Published by the Students of Johns Hopkins since 1896
August 16, 2022

University holds first 2020 planning town hall

By NATALIE WU | May 20, 2020



Hopkins officials discussed campus reopening plans during a town hall meeting on Friday.

Executive Vice Provost for Academic Affairs Stephen Gange and Chief Risk and Compliance Officer Jon Links hosted a virtual town hall discussing the University’s plan for the fall semester on Friday May 15. At the event, Gange and Links laid out a three-phased reopening plan and answered questions from the public. 

In an email to The News-Letter, Gange and Links expressed their gratification for the large event turnout and audience participation. They emphasized that these town halls are helpful in the administration’s planning process because they are able to work with other student bodies and faculty. 

“These town halls are critical in obtaining feedback and complementary to other avenues for feedback that include: (1) direct anonymous feedback on the Hub webpage; (2) our new student advisory board that has now met twice in the last week; and (3) feedback that we will be soliciting from posting draft guidance,“ they wrote.

Links noted that the University’s reopening plan closely mimicked Maryland’s reopening plan. However, he emphasized that the University is not subject to the state’s timeline and will not reopen faster than the state or Baltimore City.

Unlike Maryland’s plan, the University’s Phase 2 will be split into Phase 2A and Phase 2B.

Phase 2A will continue to rely on social distancing and widespread masking to contain the spread of COVID-19. Phase 2B will integrate testing, contact tracing and isolated quarantine. These measures will allow the return of a higher population density on campus.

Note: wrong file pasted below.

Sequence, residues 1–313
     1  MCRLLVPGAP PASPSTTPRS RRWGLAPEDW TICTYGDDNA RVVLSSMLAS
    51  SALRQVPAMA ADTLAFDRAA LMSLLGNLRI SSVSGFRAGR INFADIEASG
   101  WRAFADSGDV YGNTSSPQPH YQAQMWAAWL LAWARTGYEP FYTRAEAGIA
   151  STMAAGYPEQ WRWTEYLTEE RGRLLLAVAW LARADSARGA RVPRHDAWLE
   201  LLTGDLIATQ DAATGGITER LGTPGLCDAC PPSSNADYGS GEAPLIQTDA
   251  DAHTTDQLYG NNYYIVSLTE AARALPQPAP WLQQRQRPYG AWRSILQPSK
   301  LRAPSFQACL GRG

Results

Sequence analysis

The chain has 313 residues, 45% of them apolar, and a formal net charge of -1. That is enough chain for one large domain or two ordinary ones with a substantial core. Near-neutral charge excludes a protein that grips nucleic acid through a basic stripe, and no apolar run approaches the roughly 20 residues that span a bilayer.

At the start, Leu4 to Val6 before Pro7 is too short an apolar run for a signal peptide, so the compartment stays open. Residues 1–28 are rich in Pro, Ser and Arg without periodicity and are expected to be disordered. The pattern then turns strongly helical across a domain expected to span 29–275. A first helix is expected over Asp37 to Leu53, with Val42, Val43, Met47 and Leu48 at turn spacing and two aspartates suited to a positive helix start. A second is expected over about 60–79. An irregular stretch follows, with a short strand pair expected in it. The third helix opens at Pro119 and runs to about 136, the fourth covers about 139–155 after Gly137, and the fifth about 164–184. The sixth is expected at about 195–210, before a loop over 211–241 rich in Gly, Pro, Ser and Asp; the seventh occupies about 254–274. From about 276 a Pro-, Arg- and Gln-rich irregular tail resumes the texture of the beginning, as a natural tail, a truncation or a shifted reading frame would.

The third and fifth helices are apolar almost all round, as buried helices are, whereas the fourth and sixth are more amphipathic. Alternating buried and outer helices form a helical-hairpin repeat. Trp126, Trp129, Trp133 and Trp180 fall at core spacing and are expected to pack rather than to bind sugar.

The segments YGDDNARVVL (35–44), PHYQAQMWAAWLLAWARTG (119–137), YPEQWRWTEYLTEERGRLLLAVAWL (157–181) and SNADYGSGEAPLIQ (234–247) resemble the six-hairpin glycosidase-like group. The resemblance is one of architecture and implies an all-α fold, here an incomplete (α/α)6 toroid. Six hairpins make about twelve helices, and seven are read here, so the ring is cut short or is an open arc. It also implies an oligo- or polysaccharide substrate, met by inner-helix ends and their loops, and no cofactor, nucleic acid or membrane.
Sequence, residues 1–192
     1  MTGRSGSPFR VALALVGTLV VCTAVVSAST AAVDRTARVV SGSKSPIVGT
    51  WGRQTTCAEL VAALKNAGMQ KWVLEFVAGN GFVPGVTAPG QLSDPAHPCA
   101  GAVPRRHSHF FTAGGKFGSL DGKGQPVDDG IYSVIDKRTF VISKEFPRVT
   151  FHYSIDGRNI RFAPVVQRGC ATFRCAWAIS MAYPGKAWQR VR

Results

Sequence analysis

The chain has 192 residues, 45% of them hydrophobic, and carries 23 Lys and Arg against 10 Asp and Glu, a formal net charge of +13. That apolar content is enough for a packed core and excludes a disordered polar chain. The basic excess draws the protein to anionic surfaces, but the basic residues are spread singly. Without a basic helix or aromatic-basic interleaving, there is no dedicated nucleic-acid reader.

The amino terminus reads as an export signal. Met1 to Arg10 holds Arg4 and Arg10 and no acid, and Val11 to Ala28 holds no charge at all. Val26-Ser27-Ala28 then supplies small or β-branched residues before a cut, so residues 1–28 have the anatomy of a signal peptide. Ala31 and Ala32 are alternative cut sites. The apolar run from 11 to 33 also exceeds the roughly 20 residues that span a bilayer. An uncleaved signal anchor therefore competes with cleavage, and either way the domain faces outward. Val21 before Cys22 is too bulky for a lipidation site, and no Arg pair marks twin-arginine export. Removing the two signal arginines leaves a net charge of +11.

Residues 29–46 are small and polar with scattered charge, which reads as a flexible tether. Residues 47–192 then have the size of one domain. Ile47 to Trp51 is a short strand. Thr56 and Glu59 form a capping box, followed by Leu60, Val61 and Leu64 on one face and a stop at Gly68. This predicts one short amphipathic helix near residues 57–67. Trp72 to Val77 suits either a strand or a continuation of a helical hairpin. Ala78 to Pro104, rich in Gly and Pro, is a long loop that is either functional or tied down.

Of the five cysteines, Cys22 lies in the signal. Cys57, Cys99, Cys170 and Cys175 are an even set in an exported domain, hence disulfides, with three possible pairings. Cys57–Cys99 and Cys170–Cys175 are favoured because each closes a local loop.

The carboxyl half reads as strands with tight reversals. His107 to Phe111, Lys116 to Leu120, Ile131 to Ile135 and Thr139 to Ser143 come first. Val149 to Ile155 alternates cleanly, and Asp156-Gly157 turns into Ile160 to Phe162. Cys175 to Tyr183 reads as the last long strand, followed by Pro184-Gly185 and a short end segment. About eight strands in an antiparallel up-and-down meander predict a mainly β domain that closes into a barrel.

Links explained in the town hall that, while Hopkins researchers are making progress on testing and tracing, the volume of tests needed may not be available in time for the next semester.

“[In Phase 2B], something like four to five thousand tests a day [are administered] just on the Homewood campus, so that everybody gets tested two or three times a week,” he said.

According to Links, when people begin returning to campus in Phase 1, testing will be used only for medical management purposes. Additionally, the University plans to run its own testing. Hopkins faculty, staff and students will not have to seek out testing resources in Baltimore City.

Links stated that the Hopkins is considering supplementing social distancing and mask-wearing with temperature screening and symptom checklists. 

Gange addressed audience questions regarding this use of technology in contact tracing. According to Gange, the University has brought together a committee to evaluate various testing options and to seek guidance regarding the ethics of testing-related apps and technology.

Regarding the nine University campuses, Links explained that the operation conditions between campuses located in different cities may differ, but the operation conditions between campuses located within Baltimore most likely would not. 

Links and Grange emphasized that details regarding the University’s plan are not available at the moment, and the details of the Three-Phase plan are also subject to change.

Grange also gave an overview of the various University Workgroups and Crosscutting Workgroups. One of the Crosscutting Workgroups is the newly selected Student Advisory Committee. Grange praised the quality of the questions and concerns posed by the student group during their first meeting last May 14.

Links and Gange reaffirmed the University’s commitment to prioritizing at-risk groups — including older faculty and staff, those with existing preconditions and international students, who may be unable to return to the U.S. due to visa restrictions.

“We do not want folks returning to campus before there’s a reason for them to be on campus,” Links said. 

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